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Gambling habits exposed by Warwick researchers

When faced with a greater variety of choice people make riskier decisions, according to a new study conducted by researchers at Warwick and the University of Lugano.

Researchers from both universities structured the study to shed light on how people behave when faced with a large amount of information and choice.

They set up a gambling game in which they analysed how an individual’s decision-making is affected when they are faced with a large number of potential gambles.

It was found that a bias in the way information is gathered by people leads them to take more risks when they choose a given gamble from a larger set of options.

This phenomenon has been labelled by researchers as ‘search-amplified risk’.

The study found that when faced with a large number of choices, people took the gambles with a higher associated risk based on a flawed perception that they had a higher probability of making a big win.

However, in reality they more often went away at a loss.

Dr Thomas Hills from the Department of Psychology at Warwick explained: “It’s not that people just give up and make random decisions when faced with a large number of options.

“They are making rational decisions, but these decisions are based on faulty information gathering.”

What this means is that, when faced with a large number of choices – each having different probabilities of occurring – it becomes more likely that a person will overestimate the probabilities of what are in fact some of the rarest events.

“The problem is with the information search strategies people use when faced with a large number of options,” said Dr Hills.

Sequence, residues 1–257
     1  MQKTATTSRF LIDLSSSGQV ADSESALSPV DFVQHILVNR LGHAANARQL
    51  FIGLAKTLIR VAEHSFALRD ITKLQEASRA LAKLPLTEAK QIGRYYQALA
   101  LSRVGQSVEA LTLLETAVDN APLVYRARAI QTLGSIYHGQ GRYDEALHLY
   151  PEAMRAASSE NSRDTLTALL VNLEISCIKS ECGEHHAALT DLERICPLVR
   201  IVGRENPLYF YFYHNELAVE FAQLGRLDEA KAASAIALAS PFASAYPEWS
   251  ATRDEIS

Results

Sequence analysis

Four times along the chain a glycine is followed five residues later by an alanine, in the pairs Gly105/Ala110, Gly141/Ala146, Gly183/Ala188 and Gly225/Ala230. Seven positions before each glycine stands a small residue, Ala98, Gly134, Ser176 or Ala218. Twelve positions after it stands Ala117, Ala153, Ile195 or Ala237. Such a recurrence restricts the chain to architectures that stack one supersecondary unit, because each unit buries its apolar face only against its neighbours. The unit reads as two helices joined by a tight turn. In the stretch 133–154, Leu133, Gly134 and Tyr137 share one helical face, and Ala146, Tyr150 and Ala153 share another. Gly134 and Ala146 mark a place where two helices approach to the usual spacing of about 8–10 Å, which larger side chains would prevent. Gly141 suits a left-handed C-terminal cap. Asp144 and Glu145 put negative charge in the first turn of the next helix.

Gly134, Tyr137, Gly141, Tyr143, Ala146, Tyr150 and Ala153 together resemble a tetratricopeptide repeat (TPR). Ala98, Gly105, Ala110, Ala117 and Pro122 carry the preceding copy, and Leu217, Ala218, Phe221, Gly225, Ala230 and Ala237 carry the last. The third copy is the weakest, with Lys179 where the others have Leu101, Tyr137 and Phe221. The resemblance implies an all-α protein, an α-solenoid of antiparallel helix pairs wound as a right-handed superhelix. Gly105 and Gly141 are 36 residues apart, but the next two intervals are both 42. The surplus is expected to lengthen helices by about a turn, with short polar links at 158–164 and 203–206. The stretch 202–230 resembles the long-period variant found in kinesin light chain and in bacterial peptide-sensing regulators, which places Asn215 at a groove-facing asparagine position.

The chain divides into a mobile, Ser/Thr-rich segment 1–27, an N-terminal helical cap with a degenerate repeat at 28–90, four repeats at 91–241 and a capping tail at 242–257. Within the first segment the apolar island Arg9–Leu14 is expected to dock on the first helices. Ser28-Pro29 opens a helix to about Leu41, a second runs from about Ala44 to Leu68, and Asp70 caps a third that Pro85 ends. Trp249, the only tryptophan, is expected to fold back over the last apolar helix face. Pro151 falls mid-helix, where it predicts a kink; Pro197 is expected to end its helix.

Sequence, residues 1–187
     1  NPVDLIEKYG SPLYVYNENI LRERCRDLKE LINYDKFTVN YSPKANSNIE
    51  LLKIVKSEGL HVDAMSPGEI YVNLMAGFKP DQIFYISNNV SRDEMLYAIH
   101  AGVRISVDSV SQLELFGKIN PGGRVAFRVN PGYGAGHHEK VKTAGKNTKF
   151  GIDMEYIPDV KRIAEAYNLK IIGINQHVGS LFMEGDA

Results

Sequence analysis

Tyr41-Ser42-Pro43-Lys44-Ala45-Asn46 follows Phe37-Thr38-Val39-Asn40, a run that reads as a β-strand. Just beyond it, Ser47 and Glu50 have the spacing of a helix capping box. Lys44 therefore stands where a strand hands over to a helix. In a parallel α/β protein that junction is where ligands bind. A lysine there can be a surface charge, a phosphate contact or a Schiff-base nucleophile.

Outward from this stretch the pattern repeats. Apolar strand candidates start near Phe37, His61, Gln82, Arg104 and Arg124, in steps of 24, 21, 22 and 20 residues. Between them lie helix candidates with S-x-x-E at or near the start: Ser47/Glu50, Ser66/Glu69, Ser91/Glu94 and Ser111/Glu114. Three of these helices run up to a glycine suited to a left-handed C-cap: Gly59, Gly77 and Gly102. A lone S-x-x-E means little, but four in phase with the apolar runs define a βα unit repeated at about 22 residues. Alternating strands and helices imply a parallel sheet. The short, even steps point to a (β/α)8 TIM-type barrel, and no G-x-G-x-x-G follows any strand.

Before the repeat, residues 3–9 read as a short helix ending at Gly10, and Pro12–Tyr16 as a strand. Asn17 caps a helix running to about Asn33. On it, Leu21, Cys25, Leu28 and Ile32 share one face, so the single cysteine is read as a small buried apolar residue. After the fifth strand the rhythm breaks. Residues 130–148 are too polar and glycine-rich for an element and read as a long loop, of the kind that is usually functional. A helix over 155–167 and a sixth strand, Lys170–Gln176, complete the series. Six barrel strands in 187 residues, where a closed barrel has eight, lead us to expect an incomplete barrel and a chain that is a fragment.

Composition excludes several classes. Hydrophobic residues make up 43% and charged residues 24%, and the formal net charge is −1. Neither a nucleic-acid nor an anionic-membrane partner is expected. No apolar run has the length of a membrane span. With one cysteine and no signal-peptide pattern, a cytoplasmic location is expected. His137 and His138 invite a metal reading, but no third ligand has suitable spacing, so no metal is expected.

“People search more when they have many choices, increasing the likelihood that they will encounter rare, risky events.

“The problem is that they don’t sample any given choice enough to understand its underlying probabilities. This leaves the rare events sticking out like sore thumbs.

“As a consequence, people choose these riskier gambles more often.”

The research also found discrepancies between decision-making in the ‘many-to-few group’, where individuals started with a large number of choices which were then decreased, and the ‘few-to-many group’ where the order was reversed.

The study revealed that when people started with smaller choice sets they were more likely than those who start with a greater number of choices to gather more information about each potential gamble.

In contrast, people who started with a greater amount of choice tended to gathered less information than the other group when they were faced with smaller choice sets.

Although, in scenarios with many different options, neither group consistently chose the options with the highest expected values.

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